HMS Hereward (H93)

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Name: HMS Hereward
Builder: High Walker Yard of Vickers Armstrong, Newcastle-on-Tyne
Laid down: 28 February 1935
Launched: 10 March 1936
Completed: 9 December 1936
Identification: Pennant number: H93
Fate: Sunk in Kasos Strait east of Crete, 29 May 1941
General characteristics as built
Class & type: H-class destroyer
Displacement: 1,350 long tons (1,370 t) (standard)
1,883 long tons (1,913 t) (deep load)
Length: 323 ft (98.5 m)
Beam: 33 ft (10.1 m)
Draught: 12 ft 5 in (3.8 m)
Installed power: 34,000 shp (25,000 kW)
Propulsion: 2 shafts, Parsons geared steam turbines
3 Admiralty 3-drum water-tube boilers
Speed: 36 knots (67 km/h; 41 mph)
Range: 5,530 nmi (10,240 km; 6,360 mi) at 15 knots (28 km/h; 17 mph)
Complement: 137 (peacetime), 146 (wartime)
Sensors and
processing systems:
ASDIC
Armament: 4 × 1 - 4.7-inch (120 mm) guns

2 × 4 - 0.5-inch (12.7 mm) machine guns
2 × 4 - 21-inch (533 mm) torpedo tubes

20 × depth charges, 1 rail and 2 throwers

HMS Hereward (H93), named after Hereward the Wake, was an H-class destroyer built for the Royal Navy in the mid-1930s. She was assigned to the Mediterranean Fleet before and the ship spent four months during the Spanish Civil War in mid-1937 in Spanish waters, enforcing the arms blockade imposed by Britain and France on both sides of the conflict. When World War II began in September 1939, the ship was in the Mediterranean, but was shortly transferred to the South Atlantic Command to hunt for German commerce raiders and blockade runners, capturing one of the latter in November. Hereward was transferred to the Home Fleet in May 1940 and rescued Queen Wilhelmina of the Netherlands after the Germans had invaded.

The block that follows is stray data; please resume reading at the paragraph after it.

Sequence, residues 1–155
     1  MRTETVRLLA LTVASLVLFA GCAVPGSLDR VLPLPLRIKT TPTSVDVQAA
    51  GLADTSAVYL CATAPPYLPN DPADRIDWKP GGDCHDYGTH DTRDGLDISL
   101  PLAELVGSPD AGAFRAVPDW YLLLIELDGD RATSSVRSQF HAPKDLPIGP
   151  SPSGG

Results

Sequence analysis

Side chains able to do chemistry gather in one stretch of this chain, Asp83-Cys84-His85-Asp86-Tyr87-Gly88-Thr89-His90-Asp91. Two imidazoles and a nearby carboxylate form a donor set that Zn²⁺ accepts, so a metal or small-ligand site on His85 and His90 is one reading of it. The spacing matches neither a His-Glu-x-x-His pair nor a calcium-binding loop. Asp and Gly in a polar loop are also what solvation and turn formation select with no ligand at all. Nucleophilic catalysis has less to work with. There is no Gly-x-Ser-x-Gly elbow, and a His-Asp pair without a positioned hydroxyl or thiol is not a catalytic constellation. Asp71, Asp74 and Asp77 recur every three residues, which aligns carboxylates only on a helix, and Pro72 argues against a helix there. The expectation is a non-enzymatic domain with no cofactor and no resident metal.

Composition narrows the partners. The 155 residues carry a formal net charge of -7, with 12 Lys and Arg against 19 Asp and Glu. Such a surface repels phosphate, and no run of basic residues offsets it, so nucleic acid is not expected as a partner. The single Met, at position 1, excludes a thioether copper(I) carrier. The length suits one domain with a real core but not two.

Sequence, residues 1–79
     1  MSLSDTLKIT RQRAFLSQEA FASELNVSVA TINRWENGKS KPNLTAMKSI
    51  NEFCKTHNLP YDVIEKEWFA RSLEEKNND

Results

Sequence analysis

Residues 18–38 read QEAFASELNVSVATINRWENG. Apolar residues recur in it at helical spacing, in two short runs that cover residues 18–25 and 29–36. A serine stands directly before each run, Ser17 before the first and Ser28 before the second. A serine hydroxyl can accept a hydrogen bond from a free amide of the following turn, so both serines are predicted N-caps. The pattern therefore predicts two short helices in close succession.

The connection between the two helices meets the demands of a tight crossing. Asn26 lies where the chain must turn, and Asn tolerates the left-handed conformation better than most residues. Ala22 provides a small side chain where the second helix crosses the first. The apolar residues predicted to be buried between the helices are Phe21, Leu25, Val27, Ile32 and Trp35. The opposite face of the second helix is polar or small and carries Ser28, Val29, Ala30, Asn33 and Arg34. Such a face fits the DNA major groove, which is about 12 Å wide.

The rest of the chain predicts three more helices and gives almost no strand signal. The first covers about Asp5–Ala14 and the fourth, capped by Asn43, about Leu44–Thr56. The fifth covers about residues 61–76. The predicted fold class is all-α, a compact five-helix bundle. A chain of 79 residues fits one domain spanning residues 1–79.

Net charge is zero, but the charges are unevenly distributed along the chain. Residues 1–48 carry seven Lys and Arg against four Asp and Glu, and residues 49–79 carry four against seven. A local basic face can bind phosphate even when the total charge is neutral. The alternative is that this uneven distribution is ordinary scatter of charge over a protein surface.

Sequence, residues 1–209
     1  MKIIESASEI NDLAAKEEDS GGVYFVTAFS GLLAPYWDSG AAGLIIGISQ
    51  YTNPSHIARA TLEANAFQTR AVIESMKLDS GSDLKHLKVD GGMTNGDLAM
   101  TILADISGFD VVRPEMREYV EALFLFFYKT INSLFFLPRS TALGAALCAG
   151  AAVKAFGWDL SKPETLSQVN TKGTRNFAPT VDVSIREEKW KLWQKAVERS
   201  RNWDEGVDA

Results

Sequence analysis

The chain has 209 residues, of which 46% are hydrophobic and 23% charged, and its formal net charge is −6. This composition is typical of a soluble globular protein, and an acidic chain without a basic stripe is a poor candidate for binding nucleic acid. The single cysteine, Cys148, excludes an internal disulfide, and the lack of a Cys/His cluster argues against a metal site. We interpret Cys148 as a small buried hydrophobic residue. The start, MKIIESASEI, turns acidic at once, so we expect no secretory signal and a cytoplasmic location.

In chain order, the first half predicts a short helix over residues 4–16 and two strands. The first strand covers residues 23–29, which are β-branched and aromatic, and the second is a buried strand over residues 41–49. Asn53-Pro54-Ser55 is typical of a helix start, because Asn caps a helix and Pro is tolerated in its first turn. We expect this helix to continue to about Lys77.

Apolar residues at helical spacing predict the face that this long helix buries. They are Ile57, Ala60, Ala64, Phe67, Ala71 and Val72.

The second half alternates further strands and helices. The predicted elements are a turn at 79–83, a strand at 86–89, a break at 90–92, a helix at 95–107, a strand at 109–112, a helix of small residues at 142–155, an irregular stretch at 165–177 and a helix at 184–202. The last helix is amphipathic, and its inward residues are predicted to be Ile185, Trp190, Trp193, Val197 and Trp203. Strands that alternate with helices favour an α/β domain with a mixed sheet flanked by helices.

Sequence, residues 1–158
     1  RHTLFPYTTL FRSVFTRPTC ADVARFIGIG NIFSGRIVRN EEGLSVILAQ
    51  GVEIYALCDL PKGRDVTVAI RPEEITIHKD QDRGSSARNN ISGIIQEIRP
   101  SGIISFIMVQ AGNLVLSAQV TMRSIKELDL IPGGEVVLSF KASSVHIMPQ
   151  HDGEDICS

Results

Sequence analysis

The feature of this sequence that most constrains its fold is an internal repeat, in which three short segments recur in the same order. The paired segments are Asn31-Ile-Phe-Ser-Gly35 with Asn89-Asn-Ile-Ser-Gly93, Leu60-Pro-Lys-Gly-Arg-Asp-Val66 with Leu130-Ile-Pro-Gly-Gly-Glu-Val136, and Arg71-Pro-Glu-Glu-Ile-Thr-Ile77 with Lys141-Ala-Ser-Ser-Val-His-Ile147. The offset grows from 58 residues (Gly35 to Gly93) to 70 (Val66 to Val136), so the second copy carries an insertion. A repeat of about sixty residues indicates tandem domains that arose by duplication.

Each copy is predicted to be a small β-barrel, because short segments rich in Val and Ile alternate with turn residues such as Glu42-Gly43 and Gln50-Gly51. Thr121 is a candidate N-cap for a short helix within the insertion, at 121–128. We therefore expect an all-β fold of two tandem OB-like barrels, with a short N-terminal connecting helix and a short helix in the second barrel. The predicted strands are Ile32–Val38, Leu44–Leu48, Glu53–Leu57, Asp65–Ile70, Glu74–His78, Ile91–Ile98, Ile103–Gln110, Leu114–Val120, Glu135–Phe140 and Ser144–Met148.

The ship was transferred back to the Mediterranean Fleet later that month, and escorted convoys to Malta as well as escorting the larger ships of the fleet. She sank an Italian submarine in December before sinking the Italian torpedo boat Vega the following month. Hereward participated in the Battle of Cape Matapan in March 1941 and helped to evacuate Allied troops from Greece in April. In May the ship sank several small ships of a German convoy attempting to land troops on Crete. Later that month, she was bombed and sunk by German dive bombers as she was evacuating Allied troops from Crete. Her survivors were rescued by Italians and they became prisoners of war.